General high cost of living is alleged
to be responsible for-, the request. ' .
- Stake Veae Sieaev gara it area
' ' The anaaef roe vaj - tor war as rings 1 er
Ofleatca is leas to tba Cad ted Statea so.
eramest to be rrpeid vHS Interest eta Jaaoan
1, 1B28. Buy them at The Journal bnataeas
office..-. .,
' British experts have estimated the
world's production of copper last year
'Bed' Kupert- Waives
His lamination
Clyde O. Rupert, known familiarly as
"Red." charged with stealing $2400 in
Liberty bonds from the Northwestern
Katlonal bank;. where he was employed
as a guard, appeared with his attorneys
before United States- Commissioner
Drake yesterday and waived prelim
inary hearing.
He was bound over to the federal
grand Jury and placed under $25,000
bonds. On Inability to post ball he is
being held in the county JalL His at
torneys are Joseph V Haney. Assistant
United States Attorney Rankin repre
sents the government.
sarily dependent On the amount of
timber the camps and mills can supply.
O. M. Clark, speaking for the rollU
said an estimate of 141.000,000 feet cf
ship timbers, with additional help to be
expected from valley mills, is reason
able. He predicted that Oregon will
build 25 to 23 1-8 per cent more wooden
ships than Puget Sound. While the mllie
on Puget Sound have greater capacity,
be explained, the Oregon logs yield a
greater percentage of ship timbers.
Orgealsatloa Is 8sggetd .
William Plgott, the Seattle business
man and shipbuilder, who called the
Puget Bound builders together last Sun
day night, then wired to Chairman Hur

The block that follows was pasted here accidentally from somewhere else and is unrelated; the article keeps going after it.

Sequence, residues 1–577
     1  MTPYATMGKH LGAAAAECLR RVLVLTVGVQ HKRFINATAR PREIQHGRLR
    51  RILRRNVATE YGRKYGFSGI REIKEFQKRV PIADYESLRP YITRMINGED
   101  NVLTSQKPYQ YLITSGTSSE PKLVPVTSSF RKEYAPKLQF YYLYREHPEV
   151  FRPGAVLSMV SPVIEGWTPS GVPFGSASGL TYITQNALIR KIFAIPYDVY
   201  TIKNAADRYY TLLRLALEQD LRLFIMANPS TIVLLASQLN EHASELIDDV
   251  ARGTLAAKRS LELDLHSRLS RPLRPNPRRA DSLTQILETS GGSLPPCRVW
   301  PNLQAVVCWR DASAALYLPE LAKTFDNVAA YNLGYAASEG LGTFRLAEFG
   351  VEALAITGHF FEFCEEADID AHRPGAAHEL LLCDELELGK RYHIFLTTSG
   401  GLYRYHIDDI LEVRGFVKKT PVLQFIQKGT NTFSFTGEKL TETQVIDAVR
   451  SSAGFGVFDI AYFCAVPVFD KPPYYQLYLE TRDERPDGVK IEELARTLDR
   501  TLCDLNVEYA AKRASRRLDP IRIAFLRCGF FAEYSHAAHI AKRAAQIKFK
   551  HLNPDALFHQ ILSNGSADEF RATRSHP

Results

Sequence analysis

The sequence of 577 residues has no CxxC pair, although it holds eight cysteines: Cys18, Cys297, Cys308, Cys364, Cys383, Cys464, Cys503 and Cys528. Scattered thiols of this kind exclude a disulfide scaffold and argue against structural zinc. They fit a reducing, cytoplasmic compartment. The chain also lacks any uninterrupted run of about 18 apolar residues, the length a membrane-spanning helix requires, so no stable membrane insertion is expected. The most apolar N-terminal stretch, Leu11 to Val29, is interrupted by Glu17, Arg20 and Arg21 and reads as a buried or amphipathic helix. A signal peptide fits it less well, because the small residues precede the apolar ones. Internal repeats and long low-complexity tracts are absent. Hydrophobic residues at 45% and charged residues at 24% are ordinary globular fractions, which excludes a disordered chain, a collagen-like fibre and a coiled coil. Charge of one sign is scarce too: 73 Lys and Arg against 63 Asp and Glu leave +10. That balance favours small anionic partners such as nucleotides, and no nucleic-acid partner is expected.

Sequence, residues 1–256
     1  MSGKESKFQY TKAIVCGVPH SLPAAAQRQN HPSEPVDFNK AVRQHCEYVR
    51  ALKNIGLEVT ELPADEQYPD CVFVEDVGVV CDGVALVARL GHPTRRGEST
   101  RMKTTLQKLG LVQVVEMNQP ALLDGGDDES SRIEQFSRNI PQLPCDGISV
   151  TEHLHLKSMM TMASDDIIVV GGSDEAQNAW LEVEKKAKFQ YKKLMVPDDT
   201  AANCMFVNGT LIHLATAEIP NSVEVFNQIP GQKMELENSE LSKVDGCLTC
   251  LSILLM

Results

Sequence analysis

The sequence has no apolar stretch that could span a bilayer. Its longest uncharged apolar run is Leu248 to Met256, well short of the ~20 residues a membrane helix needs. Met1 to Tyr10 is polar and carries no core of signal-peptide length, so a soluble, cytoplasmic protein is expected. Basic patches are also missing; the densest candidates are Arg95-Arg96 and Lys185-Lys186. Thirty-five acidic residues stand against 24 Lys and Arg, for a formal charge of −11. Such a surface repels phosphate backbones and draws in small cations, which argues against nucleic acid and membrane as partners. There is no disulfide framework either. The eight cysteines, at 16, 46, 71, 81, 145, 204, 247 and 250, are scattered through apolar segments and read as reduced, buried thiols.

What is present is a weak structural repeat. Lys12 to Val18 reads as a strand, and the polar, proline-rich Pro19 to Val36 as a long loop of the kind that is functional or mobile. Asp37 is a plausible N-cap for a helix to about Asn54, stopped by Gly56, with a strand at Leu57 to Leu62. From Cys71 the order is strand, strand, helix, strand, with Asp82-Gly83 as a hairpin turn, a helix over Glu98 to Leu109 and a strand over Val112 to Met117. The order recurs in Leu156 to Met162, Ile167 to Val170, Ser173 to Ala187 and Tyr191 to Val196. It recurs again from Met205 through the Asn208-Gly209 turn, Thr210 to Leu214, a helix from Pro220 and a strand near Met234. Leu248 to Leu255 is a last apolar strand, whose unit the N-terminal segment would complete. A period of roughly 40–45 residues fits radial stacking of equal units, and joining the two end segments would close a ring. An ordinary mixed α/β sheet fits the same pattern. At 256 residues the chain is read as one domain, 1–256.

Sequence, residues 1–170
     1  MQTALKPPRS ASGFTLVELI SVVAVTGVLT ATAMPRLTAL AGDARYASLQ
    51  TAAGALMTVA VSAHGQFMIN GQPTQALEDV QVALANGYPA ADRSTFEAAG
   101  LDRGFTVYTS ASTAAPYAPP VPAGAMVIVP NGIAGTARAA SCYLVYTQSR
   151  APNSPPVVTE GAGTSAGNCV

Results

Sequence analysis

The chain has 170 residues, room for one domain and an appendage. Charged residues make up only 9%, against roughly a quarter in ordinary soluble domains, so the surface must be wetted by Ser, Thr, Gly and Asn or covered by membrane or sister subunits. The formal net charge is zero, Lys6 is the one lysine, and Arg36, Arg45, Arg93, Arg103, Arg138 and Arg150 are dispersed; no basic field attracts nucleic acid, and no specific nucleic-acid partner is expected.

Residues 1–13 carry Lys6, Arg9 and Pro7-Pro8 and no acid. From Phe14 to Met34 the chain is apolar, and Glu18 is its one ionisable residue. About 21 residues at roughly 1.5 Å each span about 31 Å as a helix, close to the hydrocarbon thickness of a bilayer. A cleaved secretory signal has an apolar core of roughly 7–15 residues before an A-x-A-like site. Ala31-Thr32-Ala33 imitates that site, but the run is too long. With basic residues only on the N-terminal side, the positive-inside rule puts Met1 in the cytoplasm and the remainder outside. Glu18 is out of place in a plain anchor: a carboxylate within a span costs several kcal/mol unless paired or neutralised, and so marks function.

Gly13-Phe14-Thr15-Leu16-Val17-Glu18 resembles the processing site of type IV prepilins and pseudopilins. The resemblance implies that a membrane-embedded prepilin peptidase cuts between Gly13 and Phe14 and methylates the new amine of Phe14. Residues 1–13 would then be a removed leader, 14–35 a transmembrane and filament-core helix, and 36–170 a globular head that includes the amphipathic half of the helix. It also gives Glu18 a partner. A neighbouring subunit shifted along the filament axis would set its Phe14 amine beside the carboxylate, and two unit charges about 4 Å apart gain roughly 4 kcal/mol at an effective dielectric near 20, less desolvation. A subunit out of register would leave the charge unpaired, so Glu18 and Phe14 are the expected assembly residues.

ley a Puget Sound pledge of 400.000 tons
of wooden and 400,000 tons of steel ve
sels. admitted that Oregon can build
more edowon ships than Puket Sound.
He said that a local record 8 1-3 per
cent greater than Puget Sound may be
expected, and he promised to buy Mr,
uarit euner a suit or clothes or an
automobile if the record is made.
H. B. Van Duser of the Inman-Poul-
sen mill said It should be possible to
organise the milling industry greatly to
Increase the output of ship timbers. A
large amount of lifoiber for shipbuild
ing should come from the Tillamook
line, In addition to other dUtrlcts men
tioned, he said.
Mr. Plggott told how- he had visited a
number of the local yards and had been
astonished at their clear evidence of ef
ficiency" and capacity. He advised the
organisation of an Oregon wood ship
builders' association to deal direct with
the shipping board. Chairman Hurley,
he declared. Is possessed of but one idea.
The Last 'Minute
Our stores will remain onen all iIit
Sunday. Select vour clarera. ninoa.
dies, smokers' sets, humidors, cigarette
cases and the Innumerable other things
dear to the smoker's heart, from the
mosx complete stocx in the city. Slg
Sichel & Co.. two store. 92 Third atrr
and 347 Washington, between Broadway
anu rars. AdT.1
Tare Side.
...Foot Wood street.. 4
, . .liantoe 3
. . .M.rmhfwkl 4
. . .TUMaaook t
...Nona Portland. .. le
V? ,,-prr otkr 'eoaapoa, root BeKo. street. .
wiZ - - en pa 07. UMOMt cm. . . . noete
blT.K -onh Boad S
aieLorbera aoaspaar Astoria S
uw aoaapoair MUwankie Jioae
Insula ShtoMUine SZ- iTZrL. '
Oeoeso r. Bods-era SbtpSuUdlse eosoa?. 1 '.Astoria. 4
ensams rat rem Bros, eocapaas. ........ . Columbia Ctt 4
'j- ''0uiihsSrcejJpij'! !!!!!!! !Bi21eleeTT II! 4
O. M. Staadtfer eoapan? PorUaod 4
U. M. StacMUIer ooaapaay .............. .Vaaeoarer ., S
wT2Z J Oak at... 4
WUeee Bros. aaorai S
Represented at the meeting in the
Chamber of Commerce were the Amer
ican Shipbuilding company of War
renton. the Columbia Engineering
Works of Llnnton. Feeney A Bremer
of Tillamook. International Shipbuild
ing company of Columbia City. Kter
nan at Kern of Portland. Oceanlo Ship
building company of Mtlwaukle. G. M
Stand If er " Construction company of
Portland and Vancouver, and Supple
Workers Busy st Eugene
Eugene; Or, Dec $1. All indications
point to s Red Cross membership of
more than 1000 in Lane county, though
the teams have not all reported. There
is splendid enthusiasm, business men.
pastors, teachers and others being out
making speaking campaigns. Women
In Red Cross uniforms are stationed at
the Southern Pacific and Oregon' Elec
tric depots, and outgoing and incoming
travelers are canvassed unless they wear
Red Cross buttons.